Executive Summary: Hyperloop won’t be as cheap as they say
Safety costs money. Cars used to be cheaper to build when they didn’t have as much metal, airbags, and antilock brakes. Hyperloop will be no different. Your ride won’t be as cheap as the press announcements you read in 2016.
The example of air transport
The airliner has gotten progressively safer in absolute terms since 1972. Indeed, we haven’t seen a fatal airline crash in the US since 2009. To achieve this level of safety took a century of experience. In that same period, reliability increased and fuel consumption decreased. Whether this is the result of commercial competition or government regulation is a matter for discussion. What is clear is that US airlines are willing to hang their hats on the FAA “single level of safety”. Each is satisfied to have a comparable level of expense to its competitors and a third party to which to point. If a higher level of safety were of interest to travelers, some airline would have stepped out, spent more, and made advertising claims. None has. There is tacit agreement among airline not to make safety claims. The closest an airline has come was British Airways, which claimed it was “the world’s most experienced airline”. No other airline has ever advertised safety. A string of accidents is hard to predict even for a relatively safe operator; such an advertising campaign could easily backfire.
Even the FAA recognizes the cost of safety. In its system safety approach it provides this graph.
This graphic is illustrative, as far as it goes. It is not supported by empirical data, as similar graphs in an economics textbook are. It bears an amazing resemblance to speed vs drag curves found in pilot training.
No one quite knows the shape of the cost of safety programs curve for Hyperloop. The cost of accidents is a question for insurance companies, who deal with the cost of accidents after they happen. When budgeting for safety prior to an accident, the FAA uses a concept called Value of Statistical Life (VSL), the amount that is reasonable to spend to prevent the loss of a single life. A high VSL can be used to justify large spending. When there is no baseline “typical number of fatalities per year”, using VSL to justify spending is an exercise in palm-reading.
The Hyperloop tube, a “confined space” by OSHA definition, is a hazardous place. We looked at the risk in this post. The vacuum proposed by Elon Musk’s white paper is far more dangerous than the altitudes at which the FAA allows a civilian airplane to fly. There will be some expensive engineering required to make a capsule that can reliably transport passengers with pressure suits and oxygen masks.
Almost all of the Hyperloop failure modes lead to an environmental risk. A stopped capsule, a punctured tube, or a failed capsule door eventually lead to a potentially fatal event.
If Hyperloop has any hope to compete with California High Speed Rail, it will need to traverse the most seismically active area in North America. Hyperloop advocates have described a system of slides and dampers that would tolerate seismic shift and thermal expansion. The seismic risk is one reason why the first Hyperloop is likely to be outside the United States.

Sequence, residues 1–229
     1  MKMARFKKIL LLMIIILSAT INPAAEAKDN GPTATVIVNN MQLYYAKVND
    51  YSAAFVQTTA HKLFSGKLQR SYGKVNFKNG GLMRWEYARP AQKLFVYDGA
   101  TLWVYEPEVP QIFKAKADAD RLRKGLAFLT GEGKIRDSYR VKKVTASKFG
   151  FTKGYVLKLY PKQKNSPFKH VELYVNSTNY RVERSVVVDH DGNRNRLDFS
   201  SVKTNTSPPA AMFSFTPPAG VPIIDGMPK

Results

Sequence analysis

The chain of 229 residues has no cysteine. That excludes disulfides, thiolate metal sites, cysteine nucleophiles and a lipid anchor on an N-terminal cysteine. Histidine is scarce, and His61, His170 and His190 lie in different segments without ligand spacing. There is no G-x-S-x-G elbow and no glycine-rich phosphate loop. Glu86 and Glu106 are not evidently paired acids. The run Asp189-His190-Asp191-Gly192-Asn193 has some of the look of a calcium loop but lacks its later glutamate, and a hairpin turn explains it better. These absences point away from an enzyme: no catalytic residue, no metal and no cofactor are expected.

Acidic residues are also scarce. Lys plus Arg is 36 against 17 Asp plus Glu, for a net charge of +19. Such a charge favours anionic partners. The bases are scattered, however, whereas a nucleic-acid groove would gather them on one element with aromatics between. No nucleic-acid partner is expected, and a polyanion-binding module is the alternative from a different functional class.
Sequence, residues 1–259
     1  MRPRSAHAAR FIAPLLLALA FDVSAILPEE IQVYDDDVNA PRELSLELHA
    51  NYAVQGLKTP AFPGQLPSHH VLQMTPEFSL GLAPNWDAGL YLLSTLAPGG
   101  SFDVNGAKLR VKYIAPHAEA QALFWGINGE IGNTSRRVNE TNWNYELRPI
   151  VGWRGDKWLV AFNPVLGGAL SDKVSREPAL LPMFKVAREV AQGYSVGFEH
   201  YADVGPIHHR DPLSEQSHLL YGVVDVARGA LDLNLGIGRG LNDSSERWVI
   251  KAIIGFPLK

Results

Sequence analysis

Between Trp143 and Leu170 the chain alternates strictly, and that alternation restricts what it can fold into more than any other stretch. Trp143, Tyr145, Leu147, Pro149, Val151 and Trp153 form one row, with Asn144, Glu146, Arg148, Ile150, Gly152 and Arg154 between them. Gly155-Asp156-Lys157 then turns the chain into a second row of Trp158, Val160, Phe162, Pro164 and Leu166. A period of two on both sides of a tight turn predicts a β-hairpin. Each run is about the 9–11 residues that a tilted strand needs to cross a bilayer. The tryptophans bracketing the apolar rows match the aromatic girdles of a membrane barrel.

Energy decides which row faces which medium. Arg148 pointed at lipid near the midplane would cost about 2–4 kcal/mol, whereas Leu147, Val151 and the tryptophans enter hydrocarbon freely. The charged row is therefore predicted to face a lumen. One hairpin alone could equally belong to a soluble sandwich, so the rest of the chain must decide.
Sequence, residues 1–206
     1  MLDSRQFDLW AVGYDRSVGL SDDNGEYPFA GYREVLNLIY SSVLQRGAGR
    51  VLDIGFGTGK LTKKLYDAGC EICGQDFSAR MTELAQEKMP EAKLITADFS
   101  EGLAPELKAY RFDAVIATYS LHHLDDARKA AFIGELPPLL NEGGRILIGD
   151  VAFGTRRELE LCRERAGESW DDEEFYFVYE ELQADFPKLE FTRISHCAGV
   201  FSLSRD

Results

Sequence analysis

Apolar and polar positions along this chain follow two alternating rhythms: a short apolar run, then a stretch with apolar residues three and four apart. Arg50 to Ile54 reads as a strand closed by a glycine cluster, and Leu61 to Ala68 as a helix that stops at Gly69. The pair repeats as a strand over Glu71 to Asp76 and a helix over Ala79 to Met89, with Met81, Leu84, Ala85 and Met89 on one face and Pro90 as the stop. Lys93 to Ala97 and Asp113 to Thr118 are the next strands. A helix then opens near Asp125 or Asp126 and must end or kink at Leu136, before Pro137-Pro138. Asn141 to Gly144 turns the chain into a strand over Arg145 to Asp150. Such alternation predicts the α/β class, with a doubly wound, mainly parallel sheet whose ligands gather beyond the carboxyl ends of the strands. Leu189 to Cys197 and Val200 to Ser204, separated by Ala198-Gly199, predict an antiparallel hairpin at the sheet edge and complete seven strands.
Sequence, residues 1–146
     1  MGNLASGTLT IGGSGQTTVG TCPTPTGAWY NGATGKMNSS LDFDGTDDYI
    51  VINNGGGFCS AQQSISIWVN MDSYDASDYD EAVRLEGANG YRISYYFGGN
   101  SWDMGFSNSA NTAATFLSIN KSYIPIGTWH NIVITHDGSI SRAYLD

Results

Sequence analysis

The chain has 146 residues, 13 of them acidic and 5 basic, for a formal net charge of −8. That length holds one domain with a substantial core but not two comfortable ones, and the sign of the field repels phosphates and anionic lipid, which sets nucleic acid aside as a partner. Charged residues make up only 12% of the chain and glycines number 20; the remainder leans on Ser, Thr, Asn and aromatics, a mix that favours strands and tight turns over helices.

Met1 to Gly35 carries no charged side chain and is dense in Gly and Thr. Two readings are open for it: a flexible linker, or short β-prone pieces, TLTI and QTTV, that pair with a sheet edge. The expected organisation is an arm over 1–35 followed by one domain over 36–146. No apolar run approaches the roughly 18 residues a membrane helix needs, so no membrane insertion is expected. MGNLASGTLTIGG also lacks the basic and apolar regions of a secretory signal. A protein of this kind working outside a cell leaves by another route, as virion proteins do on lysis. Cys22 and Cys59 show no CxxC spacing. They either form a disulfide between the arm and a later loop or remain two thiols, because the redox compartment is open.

Phil Mason PhD published this video highly critical of Hyperloop. He describes the thermal expansion of a 600 km tube in the extreme of California weather as 300 m. Design of expansion joints is a challenge, but one that the petroleum industry solved already. An oil pipeline operates at a pressure on the order of 750 psi (5.2 million Pascals). The Hyperloop tube will need to operate at a pressure differential of 14.7 psi (100,000 Pascals), 1/50th the difference. Given that pipeline builders have solved this problem already, at much higher pressures, this is is not the highest hurdle for Hyperloop.
A Hyperloop capsule can’t pull to the side of the road if a passenger feels sick. The situation inside a capsule will be the same as on an airplane. If a passenger has a heart attack, other passengers will use an AED and wait for the next stop. It’s only a half hour away.
Airplane manufacturers and airlines didn’t worry about threats to safety from bad actors until a spate of hijackings 1969-1972. The events of 9/11 led to a more-or-less permanent commitment to airline security and creation of federal agencies devoted to secutiry. In 2013, TSA spending on airline security was $8 billion.
Hyperloop operators should expect the TSA to take a great interest in this new form of transport. It will point out that a threat can be introduced anywhere along the route, not just at the original terminal.
The best analog in this case is petroleum pipeline sabotage. In North America, these events are rare and seldom damaging. Three pipeline bombings in Canada in 2009-9 caused damage, but not pipeline rupture or fire. In 2001 a hunter, likely drunk, shot a hole in the Trans-Alaska pipeline. The bullet punctured the pipeline, causing a spill of 285,000 gallons of crude oil. Whether a similar attack on a Hyperloop tube would lead to a catastrophic failure is currently unknown. The pipe currently being used for Hyperloop tests is thicker than oil pipelines. If punctured, it is likely that system vacuum pumps could out-pump the air flowing through a one inch hole. An anti-tank round is another story.
Of more concern is the inconvenience of passenger screening prior to a half-hour trip from Los Angeles to San Francisco. Delays to Hyperloop passengers of the same order as for airline passengers could wipe out any meaningful time savings.